Media and Journalism

An ethics scandal is one thing. A sex scandal is another. The combination is amazing. That’s what happened when a lawyer was accused of billing a client $900 for a number of sexual encounters after starting up an affair with her. A guy’s gotta get paid.

This was the story of Thomas Lowe, a Minnesota attorney who got his Arnie Becker on by hooking up with a woman he was representing in a divorce and billing her, resulting in his indefinite suspension.

All this went down last year, but now — out of nowhere — we have a response from Thomas Lowe….

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Hey, have you read Above the Law for like one single minute in the past month? If so, you probably know that we’re having this big blogger conference on March 14th at the Yale Club. Yeah, the Yale Club. You’ll be able to recognize me: I’ll be the only big… blogger guy surreptitiously holding a can of crimson spray-paint.

Speaking of coming, you should come. We’ve got CLE and all that. Click here to buy tickets to get CLE credit for listening to bloggers scream about stuff on the internet.

To refresh your memory, details on the panel that I’m moderating — almost entirely sober, mind you — follow.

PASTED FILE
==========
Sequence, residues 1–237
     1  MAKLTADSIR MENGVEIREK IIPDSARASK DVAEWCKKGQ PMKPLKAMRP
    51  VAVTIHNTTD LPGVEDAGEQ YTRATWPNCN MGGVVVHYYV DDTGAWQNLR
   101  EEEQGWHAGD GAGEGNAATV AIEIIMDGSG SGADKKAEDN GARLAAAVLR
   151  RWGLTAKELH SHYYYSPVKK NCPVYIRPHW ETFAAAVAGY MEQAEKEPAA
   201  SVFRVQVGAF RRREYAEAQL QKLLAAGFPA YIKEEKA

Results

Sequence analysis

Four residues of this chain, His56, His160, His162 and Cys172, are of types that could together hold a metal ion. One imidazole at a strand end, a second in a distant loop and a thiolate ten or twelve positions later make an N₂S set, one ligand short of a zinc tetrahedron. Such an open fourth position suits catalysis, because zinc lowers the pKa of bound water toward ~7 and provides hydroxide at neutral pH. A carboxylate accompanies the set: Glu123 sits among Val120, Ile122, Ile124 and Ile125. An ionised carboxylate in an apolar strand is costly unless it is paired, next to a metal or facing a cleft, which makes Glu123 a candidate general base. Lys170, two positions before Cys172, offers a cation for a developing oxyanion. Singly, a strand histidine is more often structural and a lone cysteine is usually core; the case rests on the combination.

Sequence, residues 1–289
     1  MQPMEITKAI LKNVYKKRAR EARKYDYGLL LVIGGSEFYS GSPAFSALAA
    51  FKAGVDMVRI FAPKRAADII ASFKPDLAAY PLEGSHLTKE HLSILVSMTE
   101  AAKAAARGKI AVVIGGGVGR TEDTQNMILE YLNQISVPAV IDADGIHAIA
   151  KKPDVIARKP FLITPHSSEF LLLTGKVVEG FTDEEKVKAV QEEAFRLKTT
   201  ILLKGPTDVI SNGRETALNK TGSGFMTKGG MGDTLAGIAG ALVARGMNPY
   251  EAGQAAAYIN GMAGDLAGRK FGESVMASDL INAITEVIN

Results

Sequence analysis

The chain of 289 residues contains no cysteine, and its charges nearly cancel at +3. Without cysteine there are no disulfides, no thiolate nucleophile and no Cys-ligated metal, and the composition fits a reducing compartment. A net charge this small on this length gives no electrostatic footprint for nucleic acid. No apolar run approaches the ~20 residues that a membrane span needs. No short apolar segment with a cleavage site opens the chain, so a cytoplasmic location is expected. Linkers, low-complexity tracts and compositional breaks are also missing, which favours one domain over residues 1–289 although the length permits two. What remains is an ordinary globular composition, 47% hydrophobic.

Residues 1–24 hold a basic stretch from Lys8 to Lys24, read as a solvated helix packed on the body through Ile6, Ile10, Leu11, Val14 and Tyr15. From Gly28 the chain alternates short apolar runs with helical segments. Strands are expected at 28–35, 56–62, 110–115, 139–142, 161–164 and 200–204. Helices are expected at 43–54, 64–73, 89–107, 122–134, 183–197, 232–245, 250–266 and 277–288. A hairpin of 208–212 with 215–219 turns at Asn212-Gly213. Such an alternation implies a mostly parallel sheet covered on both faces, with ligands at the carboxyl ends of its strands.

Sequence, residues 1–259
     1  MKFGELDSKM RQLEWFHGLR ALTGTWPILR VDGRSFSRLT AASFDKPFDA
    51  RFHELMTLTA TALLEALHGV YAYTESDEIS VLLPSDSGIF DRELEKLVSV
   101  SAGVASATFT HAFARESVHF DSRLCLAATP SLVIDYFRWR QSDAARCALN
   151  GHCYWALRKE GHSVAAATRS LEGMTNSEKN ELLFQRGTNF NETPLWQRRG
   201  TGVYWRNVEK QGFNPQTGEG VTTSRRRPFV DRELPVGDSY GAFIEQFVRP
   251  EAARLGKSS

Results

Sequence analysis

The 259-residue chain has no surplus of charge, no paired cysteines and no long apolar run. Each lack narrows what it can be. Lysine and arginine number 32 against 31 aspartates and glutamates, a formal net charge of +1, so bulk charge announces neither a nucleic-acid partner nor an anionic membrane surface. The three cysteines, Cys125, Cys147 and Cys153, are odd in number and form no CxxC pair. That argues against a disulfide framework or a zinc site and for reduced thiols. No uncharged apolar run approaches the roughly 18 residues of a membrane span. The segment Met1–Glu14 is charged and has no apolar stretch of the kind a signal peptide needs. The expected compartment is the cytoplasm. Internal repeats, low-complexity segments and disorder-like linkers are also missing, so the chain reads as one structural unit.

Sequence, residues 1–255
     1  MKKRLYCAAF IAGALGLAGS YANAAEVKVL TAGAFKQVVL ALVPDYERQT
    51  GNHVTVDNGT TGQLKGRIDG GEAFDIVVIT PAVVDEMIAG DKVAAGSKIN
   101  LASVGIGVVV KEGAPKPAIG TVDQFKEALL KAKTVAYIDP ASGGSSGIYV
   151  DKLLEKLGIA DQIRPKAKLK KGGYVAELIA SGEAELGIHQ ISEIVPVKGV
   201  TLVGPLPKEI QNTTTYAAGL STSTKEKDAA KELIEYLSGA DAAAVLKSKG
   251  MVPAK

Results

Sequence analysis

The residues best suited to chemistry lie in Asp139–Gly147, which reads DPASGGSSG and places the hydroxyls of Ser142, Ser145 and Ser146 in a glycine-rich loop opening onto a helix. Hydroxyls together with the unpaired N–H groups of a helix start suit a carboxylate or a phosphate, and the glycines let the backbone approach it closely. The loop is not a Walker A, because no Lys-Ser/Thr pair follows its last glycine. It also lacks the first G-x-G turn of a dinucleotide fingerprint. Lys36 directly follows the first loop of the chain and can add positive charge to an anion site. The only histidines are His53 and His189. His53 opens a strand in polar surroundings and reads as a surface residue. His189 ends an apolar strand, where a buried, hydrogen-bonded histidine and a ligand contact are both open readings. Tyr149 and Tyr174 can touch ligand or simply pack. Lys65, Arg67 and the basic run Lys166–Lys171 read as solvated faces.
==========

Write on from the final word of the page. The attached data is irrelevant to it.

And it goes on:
My panel is called Blogs as Agents of Change, and we’re going to talk about whether all of these spilled pixels are actually making a difference. You know my view… just ask Lawrence Mitchell, but here are the panelists:

  • Kyle McEntee of Law School Transparency: Nobody has tried to use the power of blogging to impact the legal world quite like Kyle. Is it working? Are there best practices that he can share? And how does a blogging crusader actually pay bills and eat?
  • Karen Sloan of the National Law Journal: Karen is who I’d like to be if I grew up. She’s a real reporter. A journalist. She can talk not only about the impact of blogging on actual decision makers, she can also speak to the impact of blogging on the quality of legal reporting. Are we helping, or are we screwing things up for everybody?